Introduction to PowerShell - part 2 - Pipeline, Scripts and Syntax

by Dmitry Kirsanov 25. January 2012 09:30

Introduction to PowerShellAll of a sudden I decided to spend one hour of this evening to make the second part of PowerShell introduction for Windows system administrators. I just noticed, that the previous part was made in… November, and having quite a few requests to continue I just couldn’t resist! So, this is pure improvisation, although I tried to make it as smooth as possible.

This time we’ll dig further into what system administrators do most – working with large arrays of data, such as files, ACL lists and finding objects by special parameters. You will learn about variables in PowerShell and how you can effectively use them.

Objects in PowerShell

As it was discussed in the first part, what you get as the result of your query is an object, and you only see those properties which you request to be displayed. It doesn’t mean, though, that other properties are omitted and not retrieved. As long as you have the handle to that object, you can retrieve additional information.

Like every object in the world around you, objects in PowerShell have two important things – properties and methods. Property is a piece of information about the object, like the color, text, length or width. The Method is some action – something you can order this object to do. Like – if you would have an object representing the file, it would be logical to expect such properties as File Name, File Size and dates of creation and last change. And it would support methods to rename, delete, copy or move that objects.

So, in short, working with objects (in your first scripts, that is) usually looks like this: you get all objects, you filter out the ones you don’t need, and then – you perform an action on the rest. For example, if you want to delete the old files in the directory, then first you select all files in that directory, then you specify (with where clause) that you only need those which are older than 3 months, and then you call the Delete method.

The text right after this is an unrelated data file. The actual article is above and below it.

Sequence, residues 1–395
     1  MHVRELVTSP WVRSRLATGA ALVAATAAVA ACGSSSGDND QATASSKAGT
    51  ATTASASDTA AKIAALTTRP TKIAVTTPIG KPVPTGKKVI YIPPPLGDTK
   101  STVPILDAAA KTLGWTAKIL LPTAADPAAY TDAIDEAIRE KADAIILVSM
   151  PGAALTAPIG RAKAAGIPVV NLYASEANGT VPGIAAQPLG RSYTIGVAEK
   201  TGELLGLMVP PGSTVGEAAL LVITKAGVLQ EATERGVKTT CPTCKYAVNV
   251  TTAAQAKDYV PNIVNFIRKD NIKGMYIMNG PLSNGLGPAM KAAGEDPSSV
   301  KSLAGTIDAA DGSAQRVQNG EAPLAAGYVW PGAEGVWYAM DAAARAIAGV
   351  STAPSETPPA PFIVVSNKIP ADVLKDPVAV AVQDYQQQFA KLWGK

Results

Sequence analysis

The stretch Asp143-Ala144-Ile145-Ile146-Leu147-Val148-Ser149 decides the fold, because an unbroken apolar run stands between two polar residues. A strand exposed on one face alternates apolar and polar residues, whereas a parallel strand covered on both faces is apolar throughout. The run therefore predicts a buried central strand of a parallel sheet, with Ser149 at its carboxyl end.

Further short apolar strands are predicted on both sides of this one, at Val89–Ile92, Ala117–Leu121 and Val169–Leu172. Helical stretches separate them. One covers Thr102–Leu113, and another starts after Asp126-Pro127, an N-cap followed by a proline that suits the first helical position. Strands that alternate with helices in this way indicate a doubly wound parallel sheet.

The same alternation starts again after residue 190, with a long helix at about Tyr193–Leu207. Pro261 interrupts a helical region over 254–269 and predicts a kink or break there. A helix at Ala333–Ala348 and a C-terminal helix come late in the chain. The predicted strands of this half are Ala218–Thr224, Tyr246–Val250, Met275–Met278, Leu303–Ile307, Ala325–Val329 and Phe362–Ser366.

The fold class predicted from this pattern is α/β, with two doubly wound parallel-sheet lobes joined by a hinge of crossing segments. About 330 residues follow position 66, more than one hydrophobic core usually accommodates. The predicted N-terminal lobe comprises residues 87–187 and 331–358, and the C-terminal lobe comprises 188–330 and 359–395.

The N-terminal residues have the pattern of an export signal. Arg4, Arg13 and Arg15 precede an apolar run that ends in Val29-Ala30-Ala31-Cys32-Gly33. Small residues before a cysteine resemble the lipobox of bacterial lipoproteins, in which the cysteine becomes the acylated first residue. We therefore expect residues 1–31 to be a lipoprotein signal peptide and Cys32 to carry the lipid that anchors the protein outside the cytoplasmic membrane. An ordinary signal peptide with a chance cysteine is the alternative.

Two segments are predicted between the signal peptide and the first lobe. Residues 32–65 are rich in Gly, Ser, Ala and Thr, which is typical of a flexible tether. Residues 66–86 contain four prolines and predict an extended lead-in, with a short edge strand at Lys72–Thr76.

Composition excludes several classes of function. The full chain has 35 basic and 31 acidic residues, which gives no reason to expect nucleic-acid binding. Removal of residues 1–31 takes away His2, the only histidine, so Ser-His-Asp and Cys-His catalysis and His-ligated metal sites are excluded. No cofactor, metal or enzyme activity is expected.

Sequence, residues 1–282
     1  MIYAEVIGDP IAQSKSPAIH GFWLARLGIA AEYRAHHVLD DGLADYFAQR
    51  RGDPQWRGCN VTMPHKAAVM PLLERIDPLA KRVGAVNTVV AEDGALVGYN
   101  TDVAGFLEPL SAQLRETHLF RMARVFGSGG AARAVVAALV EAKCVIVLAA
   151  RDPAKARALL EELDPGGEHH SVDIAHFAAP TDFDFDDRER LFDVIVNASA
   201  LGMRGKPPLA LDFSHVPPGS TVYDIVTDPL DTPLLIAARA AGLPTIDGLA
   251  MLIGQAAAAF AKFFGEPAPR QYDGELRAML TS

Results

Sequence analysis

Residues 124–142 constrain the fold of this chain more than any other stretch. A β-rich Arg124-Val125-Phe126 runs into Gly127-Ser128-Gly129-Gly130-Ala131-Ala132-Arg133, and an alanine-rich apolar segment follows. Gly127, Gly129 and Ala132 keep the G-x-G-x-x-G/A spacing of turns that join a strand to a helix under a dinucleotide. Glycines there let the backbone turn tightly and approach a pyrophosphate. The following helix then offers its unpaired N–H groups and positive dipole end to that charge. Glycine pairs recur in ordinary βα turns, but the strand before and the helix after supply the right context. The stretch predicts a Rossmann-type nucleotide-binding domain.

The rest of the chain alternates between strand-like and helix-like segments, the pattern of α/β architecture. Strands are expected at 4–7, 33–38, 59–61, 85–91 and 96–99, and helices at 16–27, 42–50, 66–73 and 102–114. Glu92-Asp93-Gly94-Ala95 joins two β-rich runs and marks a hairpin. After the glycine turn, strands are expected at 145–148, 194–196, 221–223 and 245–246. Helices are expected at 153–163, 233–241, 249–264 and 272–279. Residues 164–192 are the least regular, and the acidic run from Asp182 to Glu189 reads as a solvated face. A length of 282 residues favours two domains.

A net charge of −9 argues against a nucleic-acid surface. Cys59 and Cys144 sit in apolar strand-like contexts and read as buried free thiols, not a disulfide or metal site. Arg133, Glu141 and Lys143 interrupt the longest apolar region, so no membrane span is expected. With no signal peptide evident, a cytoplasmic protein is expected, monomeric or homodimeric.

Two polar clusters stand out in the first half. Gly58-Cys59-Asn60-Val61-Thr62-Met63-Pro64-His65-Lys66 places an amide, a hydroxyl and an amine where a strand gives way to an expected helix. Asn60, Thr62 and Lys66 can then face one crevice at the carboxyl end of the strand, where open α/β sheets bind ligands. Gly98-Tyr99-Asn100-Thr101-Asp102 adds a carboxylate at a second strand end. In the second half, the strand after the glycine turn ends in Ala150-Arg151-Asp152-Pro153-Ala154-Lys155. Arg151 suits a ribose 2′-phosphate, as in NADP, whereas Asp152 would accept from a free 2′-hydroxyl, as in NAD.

See the video I made this evening about using the pipeline, filtering out the arrays of objects and finding the ones you need using the custom criteria, such as similarities and equations.

Introduction to PowerShell, part 2 - Pipeline, Scripts and Syntax

Each object belongs to a single type. For example, object John is of type Human. A type, on the other hand, could inherited from another type. For example, the type Human inherits from the type mammal, which inherits from the type animal and so on.

Each type describes what properties and methods the object supports. For example, the type Human describes, that each object of that type has such properties as height, weight, eye color and eyes themselves, as well as name and whatever else you can recall the humans have.
So you can create (or find) the object of that type and query it for his properties. That way you could get the names of all humans you’ve found.
Some properties can be changed, some can’t. For example, you could change the name of the human object, but you can’t change it’s height. It could also have some internal logic – like you can’t decrease it’s weight to less than 40 kilos. In that case – even though you could set the property, it doesn’t mean it will be set, you could have an error instead. A real world example of such logic is the data type – when the property is of the data type byte, you couldn’t set it to the value lower than 0 or higher than 255, as these are the boundaries of the byte.

The property could be marked as get, get-set or even just set. Get means you can read the property, get with set means you can also write to that property (i.e. change it), and if on some rare occasion you’ll see the set only property – it means you can set the value, but you can’t retrieve it later. You could find such in some security objects, like the password field.

Methods are actions you could have with that objects. For the objects of the type Human, such action could be the handshake, or speak, walk, sleep, eat. Some of such methods could be inherited from the Mammals type, some could be unique.

Methods may or may not return any result.

The back tick character

The ` character (“back tick”) is used to type your command in more than one line. Unlike the | (pipeline) character, it can split the same expression. The pipeline character splits expressions, allowing you to type more than one of them in one context.

What’s in the next part

Make sure you subscribe to this blog or the YouTube channel (or Twitter) in order to be notified when the next part is available. As I am currently in the process of making a few walkthroughs, the priority will be given to the ones with more likes and views, to satisfy the most active visitors first.

The next part of the PowerShell walkthrough will be devoted to variables and data types, variable Scopes, and arrays. Overall I am planning to create 10-12 episodes, with last ones devoted to corporate system administration using PowerShell and SCCM/SCSM platforms.

But anyway, in order to explain the hardcore part we should make you a pro in PowerShell first, so stay tuned!

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